AP Education Writer
WASHINGTON (AP) -- The corner Safeway is long gone, closed after looting following Martin Luther King Jr.'s assassination in 1968. Some residents have no choice but to buy groceries from an old ice-cream truck. Others rely on men known as "riders" who transport shoppers for a few bucks.
Occasional gunshots ring out even as the days of out-of-state drivers lining the streets to buy drugs are largely over. Young children are everywhere except during school hours, when many are scattered far from home at 150 schools around the nation's capital because of a long history of subpar education in the neighborhood.
This is the Kenilworth-Parkside neighborhood, where residents such as Taryn Tymus, a mother of four who sells homemade jewelry, have heard lots of promises about a better life to come. The promise of a new recreation center after theirs was torn down. The promise of owning their public housing units. Promises of better schools.
Promises all unfulfilled.
Then, the DC Promise Neighborhood Initiative put down a stake with a new promise: to tackle generational poverty with a fresh approach.
Backed by a multiyear, $28 million Education Department Promised Neighborhood grant and support from people such as former Secretary of State Colin Powell and his wife, Alma, the initiative tries to offer services to two generations -- parents and children. It stems from research that shows that as a parent's level of education improves, so does a child's prospects.
Modeled after the Harlem Children's Zone in New York, "promised neighborhoods" are being planned or underway in at least 20 states.
In the Kenilworth-Parkside neighborhood, helping the children get a good education is a primary focus, but it's the adults who must be engaged first. Many are skeptical.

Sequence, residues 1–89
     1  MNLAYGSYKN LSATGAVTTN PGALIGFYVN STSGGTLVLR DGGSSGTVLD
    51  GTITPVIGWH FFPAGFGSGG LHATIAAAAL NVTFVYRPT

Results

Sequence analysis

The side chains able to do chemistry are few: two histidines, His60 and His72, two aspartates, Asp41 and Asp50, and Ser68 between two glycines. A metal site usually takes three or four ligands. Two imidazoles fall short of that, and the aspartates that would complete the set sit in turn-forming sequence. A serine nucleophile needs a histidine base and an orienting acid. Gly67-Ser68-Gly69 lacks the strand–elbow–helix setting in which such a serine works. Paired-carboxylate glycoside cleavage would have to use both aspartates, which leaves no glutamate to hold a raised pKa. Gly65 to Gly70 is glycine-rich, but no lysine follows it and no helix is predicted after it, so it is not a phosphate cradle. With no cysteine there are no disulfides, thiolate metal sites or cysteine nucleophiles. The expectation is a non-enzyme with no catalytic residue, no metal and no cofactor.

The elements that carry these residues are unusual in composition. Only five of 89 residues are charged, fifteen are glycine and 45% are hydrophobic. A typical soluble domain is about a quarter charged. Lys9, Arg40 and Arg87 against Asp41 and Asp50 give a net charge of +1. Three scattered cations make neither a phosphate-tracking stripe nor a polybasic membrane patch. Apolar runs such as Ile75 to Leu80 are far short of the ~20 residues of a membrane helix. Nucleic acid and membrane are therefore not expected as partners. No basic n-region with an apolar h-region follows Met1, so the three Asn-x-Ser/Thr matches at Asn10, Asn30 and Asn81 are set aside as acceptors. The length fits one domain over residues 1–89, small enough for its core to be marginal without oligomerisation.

Tymus, 38, is proud to call this predominantly African-American neighborhood home. But she doesn't hesitate to point out the downsides: the six-lane highway families must cross to get to a subway station; the high-priced Kenilworth Market, robbed so many times that cinderblocks now cover the backdoor; teenagers having babies; the violence.
Tymus says she warns young men to stay out of trouble. "It hurt, when they really go down like that," says Tymus, who greets neighbors by name as she strolls Quarles Street not far from where one of her boyfriends was found dead in a church lot a decade ago, 22 bullets in him.
Here, single mothers run nearly 90 percent of the households with children. The dads are mostly missing.
The isolationism only makes things harder. The neighborhood not far from the Capitol is bordered by I-295, the Anacostia River and an aging power plant.
Things haven't always felt so bleak.
Within Kenilworth-Parkside is Eastland Gardens, where residents since the 1950s have maintained a flower club. In addition to hundreds of public housing units, brick single-family homes line the streets, some of them designed and built by black architects and builders.
"We were poor but we didn't know we were poor because we always had something to eat and some place to stay," says Claudette Brown, one of eight siblings who were among the first residents of Kenilworth Courts when it opened in 1959. It was one of the city's first integrated public housing complexes. Now a grandmother, she still calls Kenilworth home.
Brown recalls the strife, too. After King's assassination, mobs threw rocks at her school bus on her way home because the driver was white. "People were acting real crazy," she says.
Violence and drugs in later years rocked the neighborhood, sending residents to prison and leaving others dead. In the 1980s and 1990s, the neighborhood's problems attracted the interest of Jack Kemp, the New York congressman and later U.S. housing secretary.
Working with resident Kimi Gray, he helped orchestrate a federal effort to turn public housing in Kenilworth over to residents to manage and eventually own. The personal ownership plans never fully materialized and while residents still manage a section of the housing, the District of Columbia Housing Authority had to step in and bail it out.
Kenya McKeever, 44, a mother of four, says one day she stepped outside to dump the garbage and two dead bodies were in a car. "It affected me in a way that I never want to see that again," McKeever says.
Two different fathers of longtime resident Latissa Tate's 10 children died violent deaths. One of the men was standing in a store buying cigarettes in 2006 when he was killed in a drive-by shooting, she says.